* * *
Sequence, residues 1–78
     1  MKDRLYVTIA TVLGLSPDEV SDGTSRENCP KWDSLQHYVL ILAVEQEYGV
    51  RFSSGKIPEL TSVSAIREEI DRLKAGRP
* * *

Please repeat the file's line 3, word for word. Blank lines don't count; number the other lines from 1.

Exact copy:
    51  RFSSGKIPEL TSVSAIREEI DRLKAGRP